Does nobody remember a year ago? Yeah, I realize it seems further away now than it ever has, but you’d have to look long and hard to find someone who wasn’t in awe of CM Punk returning to wrestling at the time. More so, everyone thought it was The Thing that could put AEW over the top, and for those who believe that company has single-handedly saved wrestling, this was supposed to be the moment that served as proof this stuff could thrive in the mainstream without the watch of Vince McMahon.
It was a perfect marriage. The guy with the DIY attitude came to the company that was founded on those very principles. The majority of Punk’s fanbase in WWE had already migrated over to AEW anyway – or at least so it seemed – and this was the missing piece of the puzzle. He was brash, emotional, authentic and gladly stayed in possession of that perpetual chip I mentioned earlier. You couldn’t find a better wrestling marriage and everyone in every corner of the wrestling landscape seemed to agree.
But now that Punk actually displayed that brash emotion and authenticity – and also reacted to the chip that’s been weighing him down recently … well, I don’t know about your timeline, but mine is filled with people who once appeared thrilled at Punk-A-Mania, but now argue he should be fired. And it feels hypocritical, not for the obvious reasons, but for the reasons that are tied to how perfectly correct so many people think they are in this.
And it’s not that I’m here to question if they are, indeed, correct. Maybe he should be fired. I don’t know. But when the wrestling community gets consistently lambasted for being fickle, situations like these tend to prove why the reputation is earned. We went from, “Oh, this is fun, it’s like tabloid shit,” to, “How dare [insert name] act like this and how dare [insert name] not respond like [insert response].”
Who do you think you are? And why do you think you have the answers? And why must you judge others for their opinions on this when, in fact, nobody has nearly the amount of information they think they have, and certainly not enough to draw any reasonable conclusion? It’s one thing to want to watch how it unfolds; it’s another to do things like take shots at the media for the ways they’re handing it or take shots at other wrestling fans because maybe they have a loyalty to one side.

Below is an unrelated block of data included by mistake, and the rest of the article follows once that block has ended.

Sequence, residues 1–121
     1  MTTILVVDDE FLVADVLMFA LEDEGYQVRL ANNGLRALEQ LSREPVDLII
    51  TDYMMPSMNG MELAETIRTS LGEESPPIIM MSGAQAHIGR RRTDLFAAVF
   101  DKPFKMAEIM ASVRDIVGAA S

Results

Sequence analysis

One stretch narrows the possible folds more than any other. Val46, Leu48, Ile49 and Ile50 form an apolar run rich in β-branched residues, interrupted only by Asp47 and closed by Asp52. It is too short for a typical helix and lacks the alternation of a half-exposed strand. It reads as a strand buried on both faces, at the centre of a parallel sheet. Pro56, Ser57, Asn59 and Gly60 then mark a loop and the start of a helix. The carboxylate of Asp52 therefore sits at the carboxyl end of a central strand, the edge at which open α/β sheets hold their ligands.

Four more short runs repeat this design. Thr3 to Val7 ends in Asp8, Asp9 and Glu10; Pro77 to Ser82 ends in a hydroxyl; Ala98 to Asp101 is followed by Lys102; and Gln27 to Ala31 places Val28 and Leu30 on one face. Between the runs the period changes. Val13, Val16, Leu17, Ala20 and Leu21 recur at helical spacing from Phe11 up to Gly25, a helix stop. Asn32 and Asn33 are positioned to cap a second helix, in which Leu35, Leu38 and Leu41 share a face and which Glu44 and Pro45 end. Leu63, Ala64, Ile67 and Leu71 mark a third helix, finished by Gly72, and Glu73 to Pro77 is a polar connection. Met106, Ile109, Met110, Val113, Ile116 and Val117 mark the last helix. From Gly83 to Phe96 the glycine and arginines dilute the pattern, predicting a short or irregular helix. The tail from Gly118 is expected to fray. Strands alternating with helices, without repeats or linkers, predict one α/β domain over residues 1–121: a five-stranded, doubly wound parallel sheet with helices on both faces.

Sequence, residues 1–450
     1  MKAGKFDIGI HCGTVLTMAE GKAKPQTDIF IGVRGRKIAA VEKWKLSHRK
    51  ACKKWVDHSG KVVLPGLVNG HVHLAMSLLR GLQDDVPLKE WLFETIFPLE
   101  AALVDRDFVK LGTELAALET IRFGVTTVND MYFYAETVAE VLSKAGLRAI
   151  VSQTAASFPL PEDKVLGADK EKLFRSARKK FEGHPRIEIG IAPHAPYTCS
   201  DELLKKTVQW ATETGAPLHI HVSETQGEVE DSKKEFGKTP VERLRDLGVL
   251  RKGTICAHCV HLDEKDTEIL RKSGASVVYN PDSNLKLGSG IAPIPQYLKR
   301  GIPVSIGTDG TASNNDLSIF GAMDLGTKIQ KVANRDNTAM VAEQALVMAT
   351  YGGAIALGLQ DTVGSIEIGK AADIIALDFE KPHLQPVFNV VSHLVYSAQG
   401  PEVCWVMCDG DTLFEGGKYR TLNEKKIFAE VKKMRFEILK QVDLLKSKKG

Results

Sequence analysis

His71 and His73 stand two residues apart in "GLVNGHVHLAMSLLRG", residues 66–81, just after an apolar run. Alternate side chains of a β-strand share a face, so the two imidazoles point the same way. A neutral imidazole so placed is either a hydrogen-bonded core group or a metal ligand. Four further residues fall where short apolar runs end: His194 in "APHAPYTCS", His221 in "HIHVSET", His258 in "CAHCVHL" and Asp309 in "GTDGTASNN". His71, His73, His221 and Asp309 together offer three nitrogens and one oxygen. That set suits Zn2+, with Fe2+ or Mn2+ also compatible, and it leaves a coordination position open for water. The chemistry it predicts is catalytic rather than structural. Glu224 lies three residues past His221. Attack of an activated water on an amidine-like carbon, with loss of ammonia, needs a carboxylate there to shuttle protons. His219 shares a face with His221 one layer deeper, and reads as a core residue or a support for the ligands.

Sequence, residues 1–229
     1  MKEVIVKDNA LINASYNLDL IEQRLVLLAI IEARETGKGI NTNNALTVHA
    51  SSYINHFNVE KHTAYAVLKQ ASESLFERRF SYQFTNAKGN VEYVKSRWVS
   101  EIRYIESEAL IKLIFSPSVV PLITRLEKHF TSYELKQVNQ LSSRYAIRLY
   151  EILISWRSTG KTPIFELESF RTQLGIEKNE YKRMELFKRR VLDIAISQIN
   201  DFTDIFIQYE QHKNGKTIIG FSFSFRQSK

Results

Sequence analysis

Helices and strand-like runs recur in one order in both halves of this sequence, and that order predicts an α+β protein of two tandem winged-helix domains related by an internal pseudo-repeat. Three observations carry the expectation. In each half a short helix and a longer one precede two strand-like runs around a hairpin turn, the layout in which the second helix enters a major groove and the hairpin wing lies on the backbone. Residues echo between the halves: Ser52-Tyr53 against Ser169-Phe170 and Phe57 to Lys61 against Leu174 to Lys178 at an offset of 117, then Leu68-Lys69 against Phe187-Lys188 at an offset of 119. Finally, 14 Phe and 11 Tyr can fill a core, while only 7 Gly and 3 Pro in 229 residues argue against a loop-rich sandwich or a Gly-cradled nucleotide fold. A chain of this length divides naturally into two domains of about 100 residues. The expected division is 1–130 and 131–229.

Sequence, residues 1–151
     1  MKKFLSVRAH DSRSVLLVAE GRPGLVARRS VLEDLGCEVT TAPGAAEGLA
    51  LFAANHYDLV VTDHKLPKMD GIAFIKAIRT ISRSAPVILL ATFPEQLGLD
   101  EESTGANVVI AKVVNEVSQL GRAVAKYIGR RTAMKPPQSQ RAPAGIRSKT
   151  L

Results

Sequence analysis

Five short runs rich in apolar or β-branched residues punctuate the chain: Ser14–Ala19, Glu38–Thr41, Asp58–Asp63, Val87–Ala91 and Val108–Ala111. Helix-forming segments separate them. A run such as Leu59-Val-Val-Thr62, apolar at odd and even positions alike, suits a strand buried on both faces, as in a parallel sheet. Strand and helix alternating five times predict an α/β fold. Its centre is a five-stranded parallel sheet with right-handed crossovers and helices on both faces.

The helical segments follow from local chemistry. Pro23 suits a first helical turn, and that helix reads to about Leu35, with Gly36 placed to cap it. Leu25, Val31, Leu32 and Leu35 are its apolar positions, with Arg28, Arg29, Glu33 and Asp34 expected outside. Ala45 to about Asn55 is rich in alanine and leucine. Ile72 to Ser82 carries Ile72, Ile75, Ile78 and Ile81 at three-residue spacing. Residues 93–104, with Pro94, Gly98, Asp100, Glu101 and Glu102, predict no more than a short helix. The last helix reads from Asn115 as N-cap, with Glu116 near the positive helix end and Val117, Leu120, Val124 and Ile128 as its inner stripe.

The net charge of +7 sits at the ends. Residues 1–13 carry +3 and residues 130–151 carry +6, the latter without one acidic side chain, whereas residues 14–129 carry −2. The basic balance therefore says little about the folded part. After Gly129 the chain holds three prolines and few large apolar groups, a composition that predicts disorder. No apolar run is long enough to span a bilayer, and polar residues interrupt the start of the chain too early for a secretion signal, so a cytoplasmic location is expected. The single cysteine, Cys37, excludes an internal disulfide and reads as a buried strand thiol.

Ah, loyalty. Wrestling fandom isn’t designed to have it. And, as a result, we don’t. Stories are crafted and performances are made strictly in an effort to sway our loyalty as fans. That’s what the heel turn is for. It’s entertaining and it speaks to the conflict inherent in human nature. They play us like puppets because we want to be played like puppets. That’s pro wrestling.
But when the lights go out and the arenas are empty, fandom switches from being part of the entertaining equation to something very personal, something that shows who we are as people. That’s what this mess has done – it’s inspired our worst instincts and highlighted how ignorantly correct we all think we are. We shouldn’t be judge, jury and executioner when it comes to these people because these people are strangers and these situations can be spoken to by only a handful of people.
Mistakes were made. Bridges have to be rebuilt. Hurt feelings need to be reconciled. But that’s it. That’s about as far as anyone on the outside should go. How that’s done and when that’s done has nothing to do with anyone else other than those involved. For the sake of wrestling, I would hope we all agree that everyone is made whole in the end. Maybe Punk has to go, but maybe he doesn’t. Maybe he can work with the Bucks and maybe he can share a Pepsi with Hangman Page someday. Whichever side of that equation comes to fruition, I’m OK with it because I am of the belief that those people are the best qualified to make those decisions.
For the longest time, there was only a tiny subset of wrestling fans who had access to the type of backstage information so many of us have now, but even then, it wasn’t nearly as ferocious as it turns out to be these days. But we, as fans, always wanted more. We felt we needed to know every machination of every company. Who was being a diva, who was a good person, why decisions were made, what plans were for future stories.
Well, now we’ve got it. Now, we know those things. Is it everything we ever wanted? Because without having access to those very details when it comes to this very situation, CM Punk and The Elite brawling backstage would only be the stuff of legend years down the line when the A&E specials are taped. Instead, our feelings for these people, characters or not, are complicated by real life strife that would have been best dealt with in house. At the end of the day, is the information tradeoff worth it?
I don’t know the answer to that question. All I know at this point is that I’m tired.
And rest doesn’t appear to be coming soon.